I remember one of the things that really inspired me to join E2 was Sam telling me at interview that he would be my mentor and help me to become a project architect. After reading about and seeing the Pavilion project, I was elated at the potential that I could gain some kind of architectural independence and the knowledge to create architecture of that standard.
I place high value in ‘value-add’ experiences and as the saying goes ‘with great responsibility comes great power’… the more I get stuck into projects the more my knowledge on practice management keeps evolving.
I went on to take ownership of my next project, one of my favourite projects currently in progress, a replacement dwelling in the Green Belt on a modest yet complex site demanding yet another contemporary conservation approach. It has been interesting taking this through to pre-application planning. The process of preparing pre-app documents, managing communications between consultants, whilst trying to deliver your client’s dream has been a fascinating experience.
This has opened my eyes to some degree as to how the system works – through a need to justify of your proposals as an architect. I have developed a lot of understanding about the importance of relationships and communication. You can have the best idea in the world but how that building’s design interacts with real lives and emotions through time is the ultimate test.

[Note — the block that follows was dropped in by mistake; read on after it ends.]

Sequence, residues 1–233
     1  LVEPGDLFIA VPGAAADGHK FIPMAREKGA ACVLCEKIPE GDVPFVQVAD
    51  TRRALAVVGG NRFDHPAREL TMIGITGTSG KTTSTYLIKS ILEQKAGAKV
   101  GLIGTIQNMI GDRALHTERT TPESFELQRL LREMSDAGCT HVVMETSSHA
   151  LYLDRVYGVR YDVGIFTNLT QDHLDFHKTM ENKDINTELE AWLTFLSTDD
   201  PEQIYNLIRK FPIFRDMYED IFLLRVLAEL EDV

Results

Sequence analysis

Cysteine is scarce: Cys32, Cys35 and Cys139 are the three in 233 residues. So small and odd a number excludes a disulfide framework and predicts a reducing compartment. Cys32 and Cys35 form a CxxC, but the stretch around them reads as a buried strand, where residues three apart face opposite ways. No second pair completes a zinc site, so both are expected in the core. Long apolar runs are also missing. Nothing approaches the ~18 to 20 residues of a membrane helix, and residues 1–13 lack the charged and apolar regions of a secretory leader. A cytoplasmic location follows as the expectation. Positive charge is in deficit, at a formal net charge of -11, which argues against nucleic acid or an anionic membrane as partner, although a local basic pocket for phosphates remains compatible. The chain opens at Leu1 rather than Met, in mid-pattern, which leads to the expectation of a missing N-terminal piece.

House in the Green Belt (click on image to see project)
I have come to the realisation that life in practice is a constant evolution of self through professional development. That being said, my approach to becoming a professional architect is structured within a loose timeline of achieving the qualification, whilst focusing predominantly on improving my efficacy in daily outputs and engaging with the overall experience. As much as possible, I try to get involved with new processes and tasks that are out of my comfort zone, to reinforce my knowledge or ‘know-how’ of the business and profession.
I am now fairly confident in processing planning applications after working on several projects’ Design and Access Statements. These have included a roof extension to a residential building on Umberston Street and a mixed-use development in progress on Rosina Street. I believe it is vital to promote your strengths and develop an understanding of your weaknesses – in order to define how these can be minimised and/or transformed into strengths.
The solutions can sometimes be as simple as following an informative platform on social media. A great example I recently came across on Instagram is “part3plus” which offers digestible information in aid towards your part 3 examination. I strive to be wise about all my endeavours as the saying goes; ‘knowledge is power, applied knowledge is wisdom’.
David Obaro is Head of Visualisations at E2, he joined the company in 2019 and has brought with him an injection of energy that has helped to revolutionise our approach to 3D modelling and CGI visuals. David is gaining experience and looking to apply this for his Part III qualification as an architect in the near future.
Did you enjoy Part III? If so don’t miss Part IV, published here next Friday.